[Python-Dev] Python Remote Code Execution in socket.recvfrom_into()
ncoghlan at gmail.com
Tue Feb 25 21:46:00 CET 2014
On 26 Feb 2014 04:51, "Antoine Pitrou" <solipsis at pitrou.net> wrote:
> On Tue, 25 Feb 2014 20:38:46 +0200
> Maciej Fijalkowski <fijall at gmail.com> wrote:
> > My impression is that a lot of discussion went into hash
> > randomization, because it was a high profile issue. It got "fixed",
> > then later someone discovered that the fix is completely broken and
> > was left at that without much discussion because it's no longer "high
> > visibility". I would really *like* to perceive this process as a lot
> > of discussion going into because of ramification of changes.
> Most of the discussion, AFAIR, was about the potential backwards
> compatibility issues (which led to the decision of adding hash
> randomization in 2.7, but disabled by default).
> But you're right that for some reason it suddenly became a "high
> profile issue" while the general attack mechanism had apparently been
> known for years.
> (and AFAIK there's no proof of actual attacks in the wild)
Remote DOS attacks are so easy and so prevalent that if all a CVE does is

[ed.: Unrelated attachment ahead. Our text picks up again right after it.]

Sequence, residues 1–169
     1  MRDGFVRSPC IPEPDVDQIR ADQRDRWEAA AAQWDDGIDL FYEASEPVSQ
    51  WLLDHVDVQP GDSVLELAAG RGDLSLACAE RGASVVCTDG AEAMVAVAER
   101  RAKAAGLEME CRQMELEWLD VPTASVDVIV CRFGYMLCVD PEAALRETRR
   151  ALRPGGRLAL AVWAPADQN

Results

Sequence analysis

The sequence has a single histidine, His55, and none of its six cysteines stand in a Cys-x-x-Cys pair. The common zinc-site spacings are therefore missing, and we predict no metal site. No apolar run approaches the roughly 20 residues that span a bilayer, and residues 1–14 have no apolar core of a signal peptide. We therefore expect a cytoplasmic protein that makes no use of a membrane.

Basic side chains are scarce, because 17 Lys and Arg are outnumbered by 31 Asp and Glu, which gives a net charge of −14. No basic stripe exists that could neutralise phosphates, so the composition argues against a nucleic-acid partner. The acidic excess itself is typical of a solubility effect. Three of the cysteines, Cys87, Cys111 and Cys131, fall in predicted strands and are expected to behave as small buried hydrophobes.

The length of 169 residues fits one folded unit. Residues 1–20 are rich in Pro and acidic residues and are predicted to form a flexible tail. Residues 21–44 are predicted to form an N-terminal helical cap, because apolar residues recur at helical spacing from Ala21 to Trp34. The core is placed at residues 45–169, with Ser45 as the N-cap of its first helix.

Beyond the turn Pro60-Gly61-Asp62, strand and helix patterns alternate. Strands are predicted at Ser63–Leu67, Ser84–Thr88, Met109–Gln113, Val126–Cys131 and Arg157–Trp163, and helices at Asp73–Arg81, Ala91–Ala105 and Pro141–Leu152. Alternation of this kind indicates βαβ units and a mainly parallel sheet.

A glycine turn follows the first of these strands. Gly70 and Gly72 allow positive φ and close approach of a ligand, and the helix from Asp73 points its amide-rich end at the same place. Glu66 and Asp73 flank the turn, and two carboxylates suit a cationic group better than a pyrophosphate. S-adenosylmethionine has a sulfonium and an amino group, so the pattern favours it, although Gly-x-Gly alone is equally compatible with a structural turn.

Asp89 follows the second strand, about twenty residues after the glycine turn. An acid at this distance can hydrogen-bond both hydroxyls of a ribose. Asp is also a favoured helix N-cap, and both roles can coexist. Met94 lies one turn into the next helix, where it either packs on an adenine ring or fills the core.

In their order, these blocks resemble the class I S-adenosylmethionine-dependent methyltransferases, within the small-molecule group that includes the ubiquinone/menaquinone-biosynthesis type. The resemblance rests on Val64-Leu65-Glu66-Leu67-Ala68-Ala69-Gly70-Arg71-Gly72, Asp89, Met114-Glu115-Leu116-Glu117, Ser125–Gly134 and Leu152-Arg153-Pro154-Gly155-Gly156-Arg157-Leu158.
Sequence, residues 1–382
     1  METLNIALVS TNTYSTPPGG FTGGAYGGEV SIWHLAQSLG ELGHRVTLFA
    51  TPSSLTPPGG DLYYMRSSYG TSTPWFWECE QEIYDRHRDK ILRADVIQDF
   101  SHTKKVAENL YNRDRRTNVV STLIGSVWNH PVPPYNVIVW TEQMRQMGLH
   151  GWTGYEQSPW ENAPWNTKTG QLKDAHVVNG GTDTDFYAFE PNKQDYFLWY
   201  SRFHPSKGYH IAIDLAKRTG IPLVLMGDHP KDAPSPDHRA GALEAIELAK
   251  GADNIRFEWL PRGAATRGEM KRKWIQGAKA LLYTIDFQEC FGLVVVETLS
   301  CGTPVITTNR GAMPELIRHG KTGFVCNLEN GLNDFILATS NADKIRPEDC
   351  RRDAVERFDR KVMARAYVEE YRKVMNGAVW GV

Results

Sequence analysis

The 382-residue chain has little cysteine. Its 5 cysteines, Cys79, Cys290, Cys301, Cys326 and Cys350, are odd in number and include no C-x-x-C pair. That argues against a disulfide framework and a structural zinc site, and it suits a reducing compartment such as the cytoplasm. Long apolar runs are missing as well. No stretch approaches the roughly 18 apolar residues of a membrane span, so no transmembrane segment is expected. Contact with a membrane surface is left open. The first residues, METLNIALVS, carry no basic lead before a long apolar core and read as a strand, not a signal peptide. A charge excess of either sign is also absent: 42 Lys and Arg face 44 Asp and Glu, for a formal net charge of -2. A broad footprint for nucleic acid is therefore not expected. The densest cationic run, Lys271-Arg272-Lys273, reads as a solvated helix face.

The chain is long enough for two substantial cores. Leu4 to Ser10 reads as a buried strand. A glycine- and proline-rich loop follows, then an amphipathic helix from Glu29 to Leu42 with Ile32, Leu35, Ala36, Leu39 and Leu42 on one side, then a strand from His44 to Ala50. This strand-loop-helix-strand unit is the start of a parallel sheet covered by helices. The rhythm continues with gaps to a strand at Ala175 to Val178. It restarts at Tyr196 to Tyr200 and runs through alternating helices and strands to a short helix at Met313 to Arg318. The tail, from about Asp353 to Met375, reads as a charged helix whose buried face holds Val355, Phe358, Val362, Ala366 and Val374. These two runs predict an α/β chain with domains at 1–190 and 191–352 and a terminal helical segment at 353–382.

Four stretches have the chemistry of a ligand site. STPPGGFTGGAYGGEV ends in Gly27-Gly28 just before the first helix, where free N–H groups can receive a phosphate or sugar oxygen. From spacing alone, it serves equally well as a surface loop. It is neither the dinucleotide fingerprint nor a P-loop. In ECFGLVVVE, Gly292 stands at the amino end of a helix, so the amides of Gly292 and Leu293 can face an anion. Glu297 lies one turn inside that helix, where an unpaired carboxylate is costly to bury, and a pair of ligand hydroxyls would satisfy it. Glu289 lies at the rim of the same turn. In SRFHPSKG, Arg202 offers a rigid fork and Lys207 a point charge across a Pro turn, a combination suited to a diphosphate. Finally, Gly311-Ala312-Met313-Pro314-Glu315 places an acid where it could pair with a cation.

make them slightly easier when untrusted input isn't properly validated and
resource consumption per request isn't capped, security teams rank it as a
pretty low threat and not very interesting.
However, there was a paper that presented this one like it was a big
revelation, it stirred up a lot of complaints, so doing something about it
ended up being easier than repeatedly explaining why it didn't really
matter that much. Donald's right that the original fix just increased the
required attack payload size from 1 MB (if I recall the number correctly)
to 256 MB total, but at that point attempts to exploit it are starting to
look like a more conventional DoS (one that doesn't rely on any particular
vulnerability to be effective) anyway.
It's still nice to finally have it fixed properly in 3.4, though, and the
original change at least took care of the problem of getting people to
update their code that previously relied on consistent dict ordering.
Without that previous work, the hash change for 3.4 would have been more
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